Boxes of Wine

by @edent | # # | 5 comments

I like wine. I don't know much about it, but I enjoy visiting vineyards, tasting it, and drinking it with friends. While I can tell the difference between red and white, I'm not entirely sure of the difference between grape varieties, and I can rarely remember which wines I like. I tend to go by price. Which is a dumb thing to do.

The American Association of Wine Economists (what a job!) recently published a paper "Do More Expensive Wines Taste Better?" Well? Do they?

Our main finding is that, on average, individuals who are unaware of the price do not derive more enjoyment from more expensive wine. In fact, they enjoy more expensive wines slightly less.

Ah. Back to buying those 2-for-£1 specials at Lidl, then? Perhaps not. Thanks to that wonderful chap, Documentally, I was able to get my hands on two free boxes of wine from FreshCase. Now, I know what you're thinking. Boxed wine is usually the sort of "drink" served a school's bring-and-buy sale. Often emblazoned with the words "Product of more than one country" or, more likely, "If ingested, seek medical help".

The wine contained in these boxes is Hardy's Nottage Hill. Now, I don't know much about wine - but this stuff is regarded as rather good. What's more, the box is actually rather clever. Take a look at my amateurish review.

Taste

I'm happy to report that the wine is eminently drinkable. While the packaging says it will keep it fresh for six weeks, ours was drained dry, disassembled, and recycled within a week.

The white wine has a slightly different tap placement so it can lie flat in the fridge.  Delightfully chilled, it makes it easy to enjoy half a glass of wine without feeling the need to finish off the whole bottle.

Pricing

The suggested retail price is £20. Given that each box contains the equivalent of 3 bottles of wine, that works out at a fairly reasonable £6.66 per bottle.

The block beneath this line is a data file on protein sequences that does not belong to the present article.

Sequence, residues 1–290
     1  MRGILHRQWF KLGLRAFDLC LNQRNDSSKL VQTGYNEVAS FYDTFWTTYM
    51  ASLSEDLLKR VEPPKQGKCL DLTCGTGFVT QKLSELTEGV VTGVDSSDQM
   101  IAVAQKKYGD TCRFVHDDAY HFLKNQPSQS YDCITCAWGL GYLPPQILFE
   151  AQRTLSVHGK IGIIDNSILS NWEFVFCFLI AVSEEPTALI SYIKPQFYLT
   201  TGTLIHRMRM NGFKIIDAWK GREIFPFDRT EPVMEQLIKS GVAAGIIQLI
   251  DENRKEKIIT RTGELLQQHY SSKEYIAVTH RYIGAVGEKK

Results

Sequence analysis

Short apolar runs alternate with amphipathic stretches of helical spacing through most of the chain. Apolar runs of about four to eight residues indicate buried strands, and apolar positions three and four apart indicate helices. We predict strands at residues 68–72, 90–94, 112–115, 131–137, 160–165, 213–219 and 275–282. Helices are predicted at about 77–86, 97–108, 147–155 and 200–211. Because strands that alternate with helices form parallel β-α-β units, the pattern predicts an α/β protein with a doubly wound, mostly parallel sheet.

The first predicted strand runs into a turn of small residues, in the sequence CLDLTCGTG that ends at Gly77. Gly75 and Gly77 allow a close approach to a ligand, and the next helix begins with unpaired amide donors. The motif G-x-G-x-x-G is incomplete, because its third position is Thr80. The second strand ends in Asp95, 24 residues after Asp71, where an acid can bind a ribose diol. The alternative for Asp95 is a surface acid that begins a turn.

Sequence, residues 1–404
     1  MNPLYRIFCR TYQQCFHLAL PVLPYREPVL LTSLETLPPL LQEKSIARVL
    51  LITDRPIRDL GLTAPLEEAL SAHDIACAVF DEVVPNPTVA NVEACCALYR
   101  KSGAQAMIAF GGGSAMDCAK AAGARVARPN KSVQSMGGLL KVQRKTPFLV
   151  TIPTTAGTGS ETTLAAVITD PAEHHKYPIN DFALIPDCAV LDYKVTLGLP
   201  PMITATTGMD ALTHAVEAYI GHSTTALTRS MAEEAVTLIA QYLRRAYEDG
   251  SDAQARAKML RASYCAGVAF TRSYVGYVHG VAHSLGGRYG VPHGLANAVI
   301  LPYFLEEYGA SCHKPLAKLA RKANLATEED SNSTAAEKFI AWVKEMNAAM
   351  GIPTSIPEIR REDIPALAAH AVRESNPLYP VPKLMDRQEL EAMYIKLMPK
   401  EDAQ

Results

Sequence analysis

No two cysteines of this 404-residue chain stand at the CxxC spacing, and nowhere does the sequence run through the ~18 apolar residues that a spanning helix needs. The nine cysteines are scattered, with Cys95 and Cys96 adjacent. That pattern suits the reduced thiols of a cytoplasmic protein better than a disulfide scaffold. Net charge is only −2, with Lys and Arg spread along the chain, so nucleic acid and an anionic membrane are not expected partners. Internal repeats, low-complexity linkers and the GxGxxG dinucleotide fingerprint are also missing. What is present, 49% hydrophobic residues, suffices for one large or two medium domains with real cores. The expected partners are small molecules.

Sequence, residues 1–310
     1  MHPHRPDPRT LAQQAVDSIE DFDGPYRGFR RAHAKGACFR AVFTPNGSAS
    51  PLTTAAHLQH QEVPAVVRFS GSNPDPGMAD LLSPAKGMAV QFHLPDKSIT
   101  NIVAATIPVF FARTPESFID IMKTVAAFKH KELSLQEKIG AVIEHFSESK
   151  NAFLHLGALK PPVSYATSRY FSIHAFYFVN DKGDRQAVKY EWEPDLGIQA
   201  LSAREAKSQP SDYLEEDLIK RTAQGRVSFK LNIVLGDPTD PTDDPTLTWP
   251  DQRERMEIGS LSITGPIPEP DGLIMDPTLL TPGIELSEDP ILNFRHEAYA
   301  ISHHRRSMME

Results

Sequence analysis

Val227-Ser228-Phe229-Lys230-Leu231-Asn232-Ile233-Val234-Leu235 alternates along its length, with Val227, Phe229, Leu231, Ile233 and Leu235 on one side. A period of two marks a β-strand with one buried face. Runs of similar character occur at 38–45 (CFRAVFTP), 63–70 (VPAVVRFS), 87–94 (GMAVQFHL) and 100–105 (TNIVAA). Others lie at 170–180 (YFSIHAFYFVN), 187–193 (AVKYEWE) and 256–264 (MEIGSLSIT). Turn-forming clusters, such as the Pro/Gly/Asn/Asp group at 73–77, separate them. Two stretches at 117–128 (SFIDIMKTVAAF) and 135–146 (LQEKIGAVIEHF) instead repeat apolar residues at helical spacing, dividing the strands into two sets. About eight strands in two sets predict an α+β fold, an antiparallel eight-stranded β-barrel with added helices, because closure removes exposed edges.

That compares very favourably to similar wines.  It's also lighter, and has an integrated handle, making it much easier to carry.

It seems that people can't tell the difference between cheap and expensive wine.  Give your friends a blindfold and see if they can tell the difference between FreshCase and a traditional glass bottle.  I'm sure they'll be pleasantly surprised.

5 thoughts on “Boxes of Wine

  1. I think the real challenge is to see if the wine actually lasts 6 weeks. I am not sure i will ever make it.. 🙂

  2. Awhilton says:

    In response to documentally. There is no reason why it shouldn't last 6 weeks if the seal on the tap works effectively and doesn't allow air in to oxidise the wine (causing it to 'go off'). Most box wines would last 6 weeks without too much issue. However with the cheaper 'boxes' they tend to be lower quality and therefore there is lower expectation of perfect wine 6 weeks down the line. It is usually 'ok'.
    I am interested to see whether the concept will hold up as i am seriously concerned about the recyclability claims. Glass/plastic wine bottles are widely recycled as whole items. This packaging may reduce weight but the percentage of recyclable material drops from near as damn it 100% to perhaps 60% (being generous and by volume not weight (as all recyclate is measured)) by weight it's probably less than 30% as a guestimate without seeing the product.

    1. I've nearly finished the white, so I'll post a disassembly video later this week.
      Both the top and bottom of the box are fairly solid chunks of recyclable plastic. The sleeve which holds it all together is standard cardboard.
      The only bit which doesn't recycle is the bag with attached tap.

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